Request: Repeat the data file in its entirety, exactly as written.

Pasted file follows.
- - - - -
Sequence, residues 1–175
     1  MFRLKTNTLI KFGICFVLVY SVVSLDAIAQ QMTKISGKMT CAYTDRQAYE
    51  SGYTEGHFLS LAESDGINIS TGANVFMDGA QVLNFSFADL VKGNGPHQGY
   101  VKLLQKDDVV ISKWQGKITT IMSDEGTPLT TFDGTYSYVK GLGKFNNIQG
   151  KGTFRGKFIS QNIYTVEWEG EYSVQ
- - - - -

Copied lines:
Sequence, residues 1–175
     1  MFRLKTNTLI KFGICFVLVY SVVSLDAIAQ QMTKISGKMT CAYTDRQAYE
    51  SGYTEGHFLS LAESDGINIS TGANVFMDGA QVLNFSFADL VKGNGPHQGY
   101  VKLLQKDDVV ISKWQGKITT IMSDEGTPLT TFDGTYSYVK GLGKFNNIQG
   151  KGTFRGKFIS QNIYTVEWEG EYSVQ